INTERVIEW: Jonneigh Adrion and the Debut of the Jeyson Reyes Memorial Scholarship

On Wednesday, June 7, the Jeyson Reyes Memorial Scholarship will be awarded to a graduating senior of Sayville High School’s class of 2023. Jeyson tragically passed away on Sept. 22, 2021, so the scholarship is making its debut this year, as Jeyson would have been graduating with this senior class.

The Mother’s Bond: Jeyson Reyes and Jonneigh Adrion.

Jonneigh Adrion, Jeyson’s mother as well as Village Clerk of the Incorporated Village of Ocean Beach, organized the scholarship and utilized GoFundMe to help raise money. On the page she wrote: “His big generous heart, his awesome personality and his ability to connect with people, will hands down be his legacy.” Thanks to the support of those who loved Jeyson, including many members of the South Shore and Fire Island communities, the scholarship fund raised $5,000.

Those who didn’t know Jeyson learned of his kind heart through the stories recounted by his loved ones. A few of these were in the Fire Island News obituary as well. One that sticks out is when he gave $20 to a man experiencing homelessness. The man told Jeyson that he had fallen off the wagon, to which he responded empathetically with, “I hope you get back on!” before getting home and asking what falling off the wagon even meant.

Jonneigh reiterated this gift of Jeyson’s saying: “Jeyson was a kind of exceptional kid. He was a one-in-a-million kid. He just had that big heart for people and love of people. And he had forgiveness.”

Knowing that of Jeyson’s legacy, it’s evident that an award in his memory should be centered around a student’s character above all else. The official Sayville Public School District memo regarding the scholarship reads that the award will be presented to a student who “reinforce[s] the importance of being a good human.”

Everyone who knew Jeyson knew that he was kind, but there’s something that people may not have known about him that further contributed to the requirements and selection process of the scholarship. Jeyson was learning disabled, and school could be a real challenge for him. Jonneigh also acknowledged that Jeyson was not athletically gifted, so she didn’t want academics or athletics to be any sort of basis for the award. “I really wanted it to come from the heart of the child,” she said.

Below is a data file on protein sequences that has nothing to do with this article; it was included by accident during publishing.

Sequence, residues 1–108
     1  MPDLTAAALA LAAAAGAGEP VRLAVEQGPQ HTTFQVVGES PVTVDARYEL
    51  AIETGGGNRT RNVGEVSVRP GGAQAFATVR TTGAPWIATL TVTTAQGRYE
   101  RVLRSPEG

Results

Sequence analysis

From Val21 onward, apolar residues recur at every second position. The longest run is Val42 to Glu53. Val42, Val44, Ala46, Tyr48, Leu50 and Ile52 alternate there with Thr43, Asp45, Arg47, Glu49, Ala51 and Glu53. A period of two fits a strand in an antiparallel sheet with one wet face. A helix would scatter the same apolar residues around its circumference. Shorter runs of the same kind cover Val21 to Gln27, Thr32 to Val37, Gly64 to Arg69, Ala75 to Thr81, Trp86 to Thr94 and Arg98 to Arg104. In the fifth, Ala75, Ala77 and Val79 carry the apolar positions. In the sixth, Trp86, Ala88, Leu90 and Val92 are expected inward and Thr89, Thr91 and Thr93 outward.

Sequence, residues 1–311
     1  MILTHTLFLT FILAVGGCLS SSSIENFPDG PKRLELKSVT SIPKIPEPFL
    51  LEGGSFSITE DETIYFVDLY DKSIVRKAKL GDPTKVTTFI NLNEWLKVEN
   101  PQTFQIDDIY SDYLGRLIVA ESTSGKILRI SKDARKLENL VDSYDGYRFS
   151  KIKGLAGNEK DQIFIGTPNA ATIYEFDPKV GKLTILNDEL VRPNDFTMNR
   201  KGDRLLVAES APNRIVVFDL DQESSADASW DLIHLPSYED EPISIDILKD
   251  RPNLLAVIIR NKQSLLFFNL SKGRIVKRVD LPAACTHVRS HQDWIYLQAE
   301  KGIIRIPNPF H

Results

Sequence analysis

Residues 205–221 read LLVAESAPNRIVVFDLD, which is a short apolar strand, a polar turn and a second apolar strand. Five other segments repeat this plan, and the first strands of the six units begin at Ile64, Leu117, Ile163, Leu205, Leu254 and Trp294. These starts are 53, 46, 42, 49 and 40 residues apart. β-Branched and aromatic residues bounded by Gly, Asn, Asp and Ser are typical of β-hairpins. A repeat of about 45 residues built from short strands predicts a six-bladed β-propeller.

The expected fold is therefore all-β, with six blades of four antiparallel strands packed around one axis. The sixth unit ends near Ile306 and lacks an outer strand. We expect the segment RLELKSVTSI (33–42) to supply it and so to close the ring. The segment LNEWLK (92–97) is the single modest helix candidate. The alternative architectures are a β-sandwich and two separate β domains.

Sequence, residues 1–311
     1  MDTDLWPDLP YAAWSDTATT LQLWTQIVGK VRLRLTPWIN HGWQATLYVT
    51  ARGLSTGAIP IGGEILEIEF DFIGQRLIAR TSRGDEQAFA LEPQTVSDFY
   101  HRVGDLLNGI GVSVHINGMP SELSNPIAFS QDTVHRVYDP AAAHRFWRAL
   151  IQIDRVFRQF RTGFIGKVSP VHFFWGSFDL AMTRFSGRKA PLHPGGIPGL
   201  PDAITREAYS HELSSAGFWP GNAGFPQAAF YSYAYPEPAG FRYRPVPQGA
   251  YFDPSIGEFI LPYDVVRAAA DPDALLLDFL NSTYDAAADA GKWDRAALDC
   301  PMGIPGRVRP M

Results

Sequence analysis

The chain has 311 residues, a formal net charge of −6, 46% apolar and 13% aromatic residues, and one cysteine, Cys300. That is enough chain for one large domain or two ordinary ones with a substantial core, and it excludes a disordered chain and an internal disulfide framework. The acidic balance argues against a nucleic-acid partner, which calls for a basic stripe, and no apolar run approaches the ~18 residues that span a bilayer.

Jonneigh worked with the school to get the scholarship set up, though that collaboration was nothing new to her. She had an extensive meeting with teachers, administrators, and guidance counselors each year to discuss Jeyson’s progress. This turned out to be a sort of gift later, as she got to see first-hand what an impact Jeyson made on the lives of those around him.

“They all knew Jeyson. It was helpful because they were also devastated by it,” Jonneigh said.

Sayville High School’s Timari Jackson has been chosen to be the first-time recipient of the Jeyson Reyes Memorial Scholarship.

She recalled her first visit to the high school regarding the scholarship where she saw that a faculty member had Jeyson’s obituary pinned onto their office bulletin board. It also was touching to see how many of Jeyson’s former teachers and classmates showed up at his wake.

When it came time to sort through the 14 applicants and their letters of recommendation, Jonneigh specially chose some of Jeyson’s favorite teachers to help her. They knew his heart and how it demonstrated itself within the school walls, so she trusted them to help her find the most deserving student.

“If they were able to see it in Jeyson, they’ll be able to see it in other kids,” she said.